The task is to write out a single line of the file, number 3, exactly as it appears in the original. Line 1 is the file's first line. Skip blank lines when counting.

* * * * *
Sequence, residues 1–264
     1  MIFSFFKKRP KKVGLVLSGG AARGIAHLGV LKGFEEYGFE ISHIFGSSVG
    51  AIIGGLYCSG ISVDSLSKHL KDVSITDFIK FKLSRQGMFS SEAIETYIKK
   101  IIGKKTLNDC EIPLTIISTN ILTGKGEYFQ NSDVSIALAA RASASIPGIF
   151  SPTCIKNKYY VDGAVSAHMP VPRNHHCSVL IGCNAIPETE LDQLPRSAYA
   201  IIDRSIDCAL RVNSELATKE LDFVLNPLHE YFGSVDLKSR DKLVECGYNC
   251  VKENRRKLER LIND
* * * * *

    51  AIIGGLYCSG ISVDSLSKHL KDVSITDFIK FKLSRQGMFS SEAIETYIKK